Learning About Diamonds
The basis for diamond knowledge are the "4C's."
We add a 5th "C."
Although the majority of gem diamonds appearto be colorless, others can contain increasing tinges of yellow
or brown, some of which are reffered to as champagne diamonds. It is a totally colorless diamond that allows
white light to pass effortlessly and be dispersed as rainbows of color. Rare stones of exceptional color -
green, red, blue, pink, or amber - are known as "Fancies."
Almost all diamonds contain minute traces of non-crystalized carbon or small non-diamond crystals. Most are
not discernable to the naked eye and require magnification to become visable. Called "inclusions," they are
nature's fingerprint and make every diamond unique. Minute inclusions will niether mar nor endanger its beauty;
however, the fewer they are, the rarer the stone will be.
Click for a more detailed clarity chart
Click to learn more about Clarity Enhanced Diamonds
Of all the 4C's cut is the one most directly influenced by man. The other three are dictated by nature.
Diamonds are cut into a number of shapes, depending on the nature of the rough stone. The cut or make of
a diamond will dramatically influence its fire and sparkle, for it is the cutter's skilll that releases
Many people confuse cut with the shape of a diamond. The shape is largely a matter of personal preference
and is only limited by the skill and imagination of the craftsman. These are the six most popular shapes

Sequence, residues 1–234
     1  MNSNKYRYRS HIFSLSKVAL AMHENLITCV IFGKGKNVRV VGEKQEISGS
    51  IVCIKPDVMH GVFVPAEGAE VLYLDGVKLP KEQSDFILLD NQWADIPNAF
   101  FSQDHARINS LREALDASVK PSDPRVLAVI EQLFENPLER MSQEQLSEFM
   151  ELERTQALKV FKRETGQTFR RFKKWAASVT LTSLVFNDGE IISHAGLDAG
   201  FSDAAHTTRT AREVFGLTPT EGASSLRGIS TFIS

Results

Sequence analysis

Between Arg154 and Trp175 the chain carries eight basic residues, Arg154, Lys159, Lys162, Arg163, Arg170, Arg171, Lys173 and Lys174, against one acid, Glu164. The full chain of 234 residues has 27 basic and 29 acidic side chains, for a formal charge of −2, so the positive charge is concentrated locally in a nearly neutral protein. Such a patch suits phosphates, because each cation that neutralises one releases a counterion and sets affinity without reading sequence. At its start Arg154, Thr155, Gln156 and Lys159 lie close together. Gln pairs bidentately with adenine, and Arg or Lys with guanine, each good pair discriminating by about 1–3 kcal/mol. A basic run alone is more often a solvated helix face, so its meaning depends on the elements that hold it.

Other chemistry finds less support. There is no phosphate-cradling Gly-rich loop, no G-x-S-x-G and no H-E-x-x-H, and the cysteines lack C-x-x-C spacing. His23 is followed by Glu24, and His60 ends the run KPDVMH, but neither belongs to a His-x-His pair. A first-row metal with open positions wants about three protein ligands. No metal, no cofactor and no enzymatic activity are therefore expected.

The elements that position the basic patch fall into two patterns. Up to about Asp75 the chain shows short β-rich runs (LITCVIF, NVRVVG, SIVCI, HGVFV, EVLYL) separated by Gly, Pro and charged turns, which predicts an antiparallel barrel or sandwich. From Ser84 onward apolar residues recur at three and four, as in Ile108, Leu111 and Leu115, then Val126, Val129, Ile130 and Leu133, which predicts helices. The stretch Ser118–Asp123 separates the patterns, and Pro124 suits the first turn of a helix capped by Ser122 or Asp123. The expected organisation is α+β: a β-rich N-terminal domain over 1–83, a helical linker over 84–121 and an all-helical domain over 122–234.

for diamonds of a carat or more.
As with all precious stones, the weight - and therefore the size - of a diamond is expressed in carats. The carat
originated as a natural unit of weight: the seeds of a carob tree. Diamonds were traditionally weighed against these
seeds. However, the system was later standardized and one carat was fixed at 200 milligrams (1/5 of a gram).
One carat is divided into 100 "points" so that a diamond of 25 points is described as a quarter of a carat or 0.25
carats. Size is the most obvious factor in determining the value of a diamond, but two dimonds of equal size can
have unequal prices, depending on their quality. And diamonds of high quality can be found in all size ranges.
As the old adage goes, "if it looks too good to be true, it probably is." Don't be fooled by bargain websites.
Diamond values are monitored, controlled, and guided by a system not unlike the stock market. Be wary of "bargain" diamonds, and most
important, INSIST on a lab report from a major gemological laboratory, such as the
Gemological Institute of America
, which is the supreme court of the diamond world,
or the European Gemological Lab
. These two are the only labs we use. Both are
well known world-wide and well respected.